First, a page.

Review: Nina Kraviz’s ‘MASSEDUCTION Rewired’ Is a Splintered, Over-Saturated Translation

Electronic music’s principle provocateur Nina Kraviz’s remix of ‘MASSEDUCTION’ unplugs the wires of St. Vincent’s 2017 record, tangles them beyond repair, and plugs them back in at a dangerous voltage.

by guest writer Will McCartney

Stream: ‘Nina Kraviz Presents MASSEDUCTION Rewired’


After its 2017 release, MASSEDUCTION received mixed plaudits, mostly oscillating between praise for its water-tight production and distaste at its chaotic structure. The album is an amalgamation of freaky synth-pop, anthemic acoustic ballads and personal, revealing lyricism. With Lorde and Taylor swift collaborator Jack Antonoff at the helm of its production, it is no wonder this album offered a progressive take on modern pop music.

When it was announced that Russian producer and трип label head Nina Kraviz was to curate a remix of the record, its eclectic billing of guests made it hard to supress any intrigue or excitement. With names like Batu, Pearson Sound, Population One (Terrence Dixon), Mala and Buttechno, it was almost certain that we would be offered a range of bass-driven bangers.

Nina Kraviz Presents MASSEDUCTION Rewired - Nina Kraviz
Nina Kraviz Presents MASSEDUCTION Rewired – Nina Kraviz, St. Vincent

From Bristol-based Batu’s opening remix of “Hang On Me,” this is proven true: The Timedance label owner delivers a dark, sludgy roller that will likely find its home in someone’s 4am set at Five Miles in the coming months. Трип member Bjarki follows in quite the same fashion, running ‘Pills’ through a hypnotic, IDM tinted lens.

Skip to a few tracks later, and we’ve heard takes from Detroit champion Terrence Dixon’s ‘Population One’ alias, UK-scene mainstay Midland and trip-hop talent Emika. In these, we hear panning and progressive muddy techno, luring vocal samples over clean beats and arpeggiated synth patterns over hip-hop/dub production. If there is anything this project definitely lacks, it is consistency.

The variation doesn’t end there, as we are privy to two beautiful edits from dance/pop producer EOD. The Norwegian has releases on Aphex Twin’s Rephlex imprint and has been at the forefront of the melodic electro and experimental scene for some time, proving his versatility as an artist. His remix of “Los Ageless” is a testament to this versatility, with a tight electro beat under soothing pop vocals that Oh Wonder would be proud of. As the project unravels, EOD returns with his take on “Slow Disco,” which transforms the original from an emotive ballad to its namesake genre. The Genesis-esque drums that persist throughout are complemented by synth patterns that you’d likely hear in the jukebox in the arcade in Black Mirror’s San Junipero.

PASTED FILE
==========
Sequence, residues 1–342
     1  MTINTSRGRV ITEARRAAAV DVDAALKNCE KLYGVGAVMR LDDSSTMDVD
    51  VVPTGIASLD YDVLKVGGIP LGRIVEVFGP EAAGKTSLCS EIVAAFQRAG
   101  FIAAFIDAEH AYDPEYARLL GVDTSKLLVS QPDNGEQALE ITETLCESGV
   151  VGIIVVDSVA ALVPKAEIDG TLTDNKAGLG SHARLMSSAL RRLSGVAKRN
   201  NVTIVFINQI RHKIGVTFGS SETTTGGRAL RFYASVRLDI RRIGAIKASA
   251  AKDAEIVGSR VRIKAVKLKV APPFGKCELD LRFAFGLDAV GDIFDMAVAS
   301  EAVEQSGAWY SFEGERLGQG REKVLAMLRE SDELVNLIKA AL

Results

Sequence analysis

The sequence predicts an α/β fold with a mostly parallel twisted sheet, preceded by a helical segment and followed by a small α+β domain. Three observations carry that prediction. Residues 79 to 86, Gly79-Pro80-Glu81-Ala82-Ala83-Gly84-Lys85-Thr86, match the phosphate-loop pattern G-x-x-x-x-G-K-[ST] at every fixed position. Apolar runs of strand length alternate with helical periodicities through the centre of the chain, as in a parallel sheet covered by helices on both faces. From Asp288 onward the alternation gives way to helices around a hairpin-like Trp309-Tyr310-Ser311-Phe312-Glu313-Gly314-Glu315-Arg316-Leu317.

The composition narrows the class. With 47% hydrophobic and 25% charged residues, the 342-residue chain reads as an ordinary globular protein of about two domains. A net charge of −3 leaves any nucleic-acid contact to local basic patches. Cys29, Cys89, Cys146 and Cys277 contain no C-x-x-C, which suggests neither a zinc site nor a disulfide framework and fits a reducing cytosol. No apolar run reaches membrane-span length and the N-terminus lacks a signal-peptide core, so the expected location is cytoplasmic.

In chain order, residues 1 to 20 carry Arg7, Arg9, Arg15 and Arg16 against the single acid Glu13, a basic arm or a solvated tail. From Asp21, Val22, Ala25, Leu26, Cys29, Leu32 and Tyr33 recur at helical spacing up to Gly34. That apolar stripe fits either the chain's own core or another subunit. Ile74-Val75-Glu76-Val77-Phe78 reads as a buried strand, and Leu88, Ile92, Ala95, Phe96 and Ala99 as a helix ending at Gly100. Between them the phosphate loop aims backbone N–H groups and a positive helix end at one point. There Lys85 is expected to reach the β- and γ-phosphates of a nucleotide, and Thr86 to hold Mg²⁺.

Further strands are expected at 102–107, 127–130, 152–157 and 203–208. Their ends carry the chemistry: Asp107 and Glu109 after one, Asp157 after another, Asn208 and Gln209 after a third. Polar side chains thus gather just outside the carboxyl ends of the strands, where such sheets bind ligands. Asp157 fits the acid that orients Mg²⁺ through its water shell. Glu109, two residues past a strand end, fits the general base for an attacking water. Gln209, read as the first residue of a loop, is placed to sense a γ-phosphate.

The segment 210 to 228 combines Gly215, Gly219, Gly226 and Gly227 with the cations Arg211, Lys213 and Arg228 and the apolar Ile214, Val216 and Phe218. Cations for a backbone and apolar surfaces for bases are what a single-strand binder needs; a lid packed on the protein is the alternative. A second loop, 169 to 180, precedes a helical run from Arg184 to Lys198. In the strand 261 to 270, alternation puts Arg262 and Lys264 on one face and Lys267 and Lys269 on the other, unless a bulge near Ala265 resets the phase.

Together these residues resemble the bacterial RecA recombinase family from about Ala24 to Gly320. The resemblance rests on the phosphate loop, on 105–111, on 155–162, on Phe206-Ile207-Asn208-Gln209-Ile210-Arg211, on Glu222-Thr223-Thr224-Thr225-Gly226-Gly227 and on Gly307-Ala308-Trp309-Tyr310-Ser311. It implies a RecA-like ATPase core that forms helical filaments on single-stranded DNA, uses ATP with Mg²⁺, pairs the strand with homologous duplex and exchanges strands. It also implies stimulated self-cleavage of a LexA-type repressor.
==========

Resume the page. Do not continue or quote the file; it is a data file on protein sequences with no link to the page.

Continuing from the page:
The chaos doesn’t end there, with Fred P’s electro revision of “Happy Birthday, Johnny“: a confused track which sounds like a mix between Burial (if he was happy) and a futurist Frankie Knuckles. This one never really gets going. Straight after this comes Russian acid/gabber producer Buttechno’s remix of Saviour, which offers a classic, building acid line above a punishing techno beat. Although this one would fill the dancefloor, it is clear at this point that Kraviz is stepping so boldly from genre to genre in this project, which points towards poor curation.

We then hear Nina’s own attempts, which offer little and verge on pointless. Her rework of acoustic ballad “New York” is dull, dreary and lost, and this is all amplified by its placement straight after a huge acid techno heater. Kraviz then delivers another two spins on the track, one simply a ‘Dirty Master Mix’ of her final remix – effectively just a rough-around-the-edges version of the same song. Why she included this is beyond comprehension.


Amidst this fragmentation is a handful of treats, such as Hyperdub releasee Laurel Halo’s “Young Lover” remix, a triumphant techno tune with distorted synths that really hits the spot. One third of Hessle Audio Pearson Sound also comes through, with a deep and moody tribal floor-filler that stands out as another highlight.

Closing the project are UK-based dub producer Mala and Panorama Bar resident DJ Steffi. Mala opts for the classic route, delivering a pleasant dub remix that has a hint of movie soundtrack about it. Steffi closes the record with “Fast Slow Disco,” arguably one of the best tracks on this record. It’s a new wave roller that acts as a valiant goodbye to a manic 2 hours. If anything reflects the split personality of Kraviz’ project, it’s these two tracks sitting next to each other to finish it.

Kraviz’ MASSEDUCTION Rewired is a spasmodic, hyper and fractured curation of remixes of an album that already had its own consistency issues. The result is a project that contains about an hour of deadweight music, but also a handful of enchanting moments that may well stand the test of time.

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Will McCartney is a London-based creative strategist and freelance music writer. He is editor of DISS Magazine and runs fortnightly music show The Noise Narrative. Catch him on Twitter and Instagram.

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:: stream/purchase Nina Kraviz here ::

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Nina Kraviz Presents MASSEDUCTION Rewired

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